DJ Richard is a producer and DJ currently based Berlin. He is a founding member and co-label head of White Material together with musician and producer Young Male. In the upcoming issue of Electronic Beats Magazine, he expounds on his love of the new album from PAN-signed musician Heatsick. Interview conducted by Louise Brailey.
Steven Warwick was one of the first people I met when I moved to Berlin and over the last year or so, I’ve seen him perform a lot of the tracks on Re-Engineering as part of his “Extended Play” live sets. In that scenario, he’ll manually build tracks over thirty minutes, using a restricted palette made up of his Casio, effects and a loop station. The result is loose but hypnotic, locking you into its groove. One Heatsick performance that particularly sticks in my mind was the PAN showcase at Berghain during the CTM Festival. He closed out the night with a three hour performance in the main space and hearing his sounds on that scale was incredible.
On Re-Engineering, the listener is given a chance to hear Warwick’s ideas manifested in a different way. The versions that appear on the LP are not necessarily condensed, but in a way, re-engineered into forms more befitting of the format of a full-length record. It can be difficult for electronic musicians who are used to releasing singles to translate their ideas into a full-length, but Re-Engineering is extremely cohesive. The A-side builds up a rhythm, with unexpected tones and textures sliding into each other while the B-side coalesces into three or four seemingly club-oriented tracks, some of the most direct “dance” material I’ve heard him produce. The record is bookended with tracks that contain the same spoken word piece; the first time delivered by Berlin-based artist Hanne Lippard and repeated by Steven on the closer. This monologue, or poem, acts as a way for Warwick to introduce many of the concepts behind the record, while at the same time being somewhat obscured by the same sounds that it attempts to contextualize. It contains one particular line that caught my ear: “What we do is secret,” which is the name of the first track on the Germs record GI. Darby Crash, the vocalist of the band, had a strong interest in the notion of circles as a concept for trajectory in relation to artistic practice and the progression of human history, inspired by the writings of Oswald Spengler. The fact that this line is repeated at the beginning and the end of the record acts as a multi-layered reference towards Warwick’s own practices in using loops of sounds in creating this record and as a broader indication of Warwick’s interest in cybernetics.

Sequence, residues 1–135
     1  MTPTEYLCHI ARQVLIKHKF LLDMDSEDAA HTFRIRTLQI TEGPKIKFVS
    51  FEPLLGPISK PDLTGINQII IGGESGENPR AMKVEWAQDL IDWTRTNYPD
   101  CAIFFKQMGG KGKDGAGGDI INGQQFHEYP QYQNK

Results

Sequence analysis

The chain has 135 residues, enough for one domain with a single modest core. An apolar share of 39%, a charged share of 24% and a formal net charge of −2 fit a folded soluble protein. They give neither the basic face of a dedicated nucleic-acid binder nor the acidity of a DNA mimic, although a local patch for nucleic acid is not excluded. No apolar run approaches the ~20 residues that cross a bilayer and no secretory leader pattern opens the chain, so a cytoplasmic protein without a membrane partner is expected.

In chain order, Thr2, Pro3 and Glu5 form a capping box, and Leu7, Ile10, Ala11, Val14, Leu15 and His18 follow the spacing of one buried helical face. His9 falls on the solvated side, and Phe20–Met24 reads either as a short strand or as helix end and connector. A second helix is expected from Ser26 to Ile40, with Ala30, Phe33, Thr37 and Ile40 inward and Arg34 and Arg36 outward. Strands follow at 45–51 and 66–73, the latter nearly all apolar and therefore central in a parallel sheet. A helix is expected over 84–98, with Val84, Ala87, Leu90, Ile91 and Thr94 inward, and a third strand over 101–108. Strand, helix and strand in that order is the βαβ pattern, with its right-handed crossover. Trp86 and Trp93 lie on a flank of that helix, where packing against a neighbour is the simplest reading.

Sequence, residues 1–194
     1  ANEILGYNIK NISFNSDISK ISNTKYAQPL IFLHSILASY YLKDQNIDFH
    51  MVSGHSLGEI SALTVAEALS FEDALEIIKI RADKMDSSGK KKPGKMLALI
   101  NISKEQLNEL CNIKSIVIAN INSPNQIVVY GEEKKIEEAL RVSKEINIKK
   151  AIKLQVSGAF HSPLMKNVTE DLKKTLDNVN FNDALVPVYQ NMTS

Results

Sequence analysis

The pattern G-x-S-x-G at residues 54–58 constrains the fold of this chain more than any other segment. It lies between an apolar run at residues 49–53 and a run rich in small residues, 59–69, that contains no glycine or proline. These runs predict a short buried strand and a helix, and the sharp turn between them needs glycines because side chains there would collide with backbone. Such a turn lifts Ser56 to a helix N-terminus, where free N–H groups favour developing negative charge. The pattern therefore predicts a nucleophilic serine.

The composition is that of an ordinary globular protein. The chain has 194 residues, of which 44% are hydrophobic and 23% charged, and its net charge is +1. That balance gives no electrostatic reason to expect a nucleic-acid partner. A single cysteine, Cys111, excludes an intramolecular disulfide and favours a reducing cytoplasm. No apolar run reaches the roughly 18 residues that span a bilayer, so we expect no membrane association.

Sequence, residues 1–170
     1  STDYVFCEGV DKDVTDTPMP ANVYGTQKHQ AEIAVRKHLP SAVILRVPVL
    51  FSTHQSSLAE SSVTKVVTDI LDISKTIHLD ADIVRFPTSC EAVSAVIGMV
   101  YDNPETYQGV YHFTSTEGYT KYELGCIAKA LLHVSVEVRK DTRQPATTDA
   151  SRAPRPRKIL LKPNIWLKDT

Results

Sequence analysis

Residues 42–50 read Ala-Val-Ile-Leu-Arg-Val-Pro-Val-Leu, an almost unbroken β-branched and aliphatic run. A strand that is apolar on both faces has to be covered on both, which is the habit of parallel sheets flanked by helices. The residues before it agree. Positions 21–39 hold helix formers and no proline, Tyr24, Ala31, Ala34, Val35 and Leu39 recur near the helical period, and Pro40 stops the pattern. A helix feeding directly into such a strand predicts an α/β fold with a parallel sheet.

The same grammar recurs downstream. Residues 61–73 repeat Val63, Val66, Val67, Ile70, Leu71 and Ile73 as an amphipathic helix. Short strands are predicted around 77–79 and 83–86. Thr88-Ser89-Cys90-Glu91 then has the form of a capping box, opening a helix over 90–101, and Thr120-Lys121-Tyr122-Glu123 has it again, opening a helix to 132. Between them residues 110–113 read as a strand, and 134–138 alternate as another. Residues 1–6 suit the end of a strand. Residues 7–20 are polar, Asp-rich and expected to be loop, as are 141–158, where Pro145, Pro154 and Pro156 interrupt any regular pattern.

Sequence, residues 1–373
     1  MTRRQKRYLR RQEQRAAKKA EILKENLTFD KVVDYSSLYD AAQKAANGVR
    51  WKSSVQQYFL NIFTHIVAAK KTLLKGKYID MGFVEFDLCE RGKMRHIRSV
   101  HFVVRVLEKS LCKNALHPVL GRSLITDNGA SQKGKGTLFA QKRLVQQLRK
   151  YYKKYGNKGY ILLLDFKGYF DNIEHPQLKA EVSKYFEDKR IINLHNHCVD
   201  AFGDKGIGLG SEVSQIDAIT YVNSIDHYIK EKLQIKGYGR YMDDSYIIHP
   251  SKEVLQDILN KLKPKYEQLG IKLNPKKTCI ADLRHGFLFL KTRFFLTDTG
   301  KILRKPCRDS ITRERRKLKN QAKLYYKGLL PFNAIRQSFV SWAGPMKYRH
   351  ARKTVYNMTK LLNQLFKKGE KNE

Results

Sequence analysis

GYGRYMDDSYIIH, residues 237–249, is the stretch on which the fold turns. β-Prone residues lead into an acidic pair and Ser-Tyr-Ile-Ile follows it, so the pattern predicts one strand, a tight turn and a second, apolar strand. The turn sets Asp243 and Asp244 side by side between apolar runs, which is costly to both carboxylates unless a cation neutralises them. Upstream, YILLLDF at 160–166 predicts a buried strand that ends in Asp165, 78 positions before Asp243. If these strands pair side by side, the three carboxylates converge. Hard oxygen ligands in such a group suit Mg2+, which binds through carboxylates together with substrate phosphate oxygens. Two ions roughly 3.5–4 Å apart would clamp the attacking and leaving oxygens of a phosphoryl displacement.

One thing Steven and I have in common is the alternate trajectory we took towards making dance music. I came up in the Providence, Rhode Island noise scene, while Steven has a similar history with the experimental, noise and drone scenes in London. Moving from that world into more dance-oriented stuff affects how you approach structure. At first, tracks like “Emerge” and “Ápres Moi, Le Déluge!” seem like cool nods back to Chicago jacking house but soon they introduce these bizarro mixes and sounds cementing the notion that this music is anything but nostalgic, or—and I say this with distain towards the label—“outsider house”. Knowing Steven, there’s definitely nothing outsider about his connection with this music. Living in Berlin, it’s not like we’re sitting in our bedrooms trying to replicate some sound that we heard online.
Indeed, the very concept of how ideas transmit through networks of people is at the conceptual heart of Re-Engineering. It’s a subject that makes a lot of sense when talking about Berlin, where there’s a close network of DJs and musicians exchanging thoughts. A group of artists could all go and see a DJ at Panorama Bar and all be inspired in a different way—you can almost feel it happening. Berlin’s also the kind of city where people come and go a lot, creating a constant influx and outflux of information. You can hear this reflected in the record in the way the saxophones on “Mimosa” drift in and out of the mix. Perhaps the most obvious example is on “U1”, which is a field recording taken on the titular train. It features the sounds of a busker singing “Wonderwall”—I heard it and was like, “Oh that guy.” It’s a fascinating move to end the A-side with a field recording taken on a train in motion because you turn the record over and enter a different zone of sound. This captures a sense of hypermodern flux. In his artist statement, Steven talks about the work as a cybernetic poem that explores systems and their parameters. But the way he manifests that big idea in the record is through this very direct snapshot of himself as the artist, traveling through the city on the train. That he is able to communicate these kinds of ideas with such a refined sonic palette and continue to develop his sound within these very fixed parameters is incredible. There are very few musicians that I know of who approach music in a similar way. ~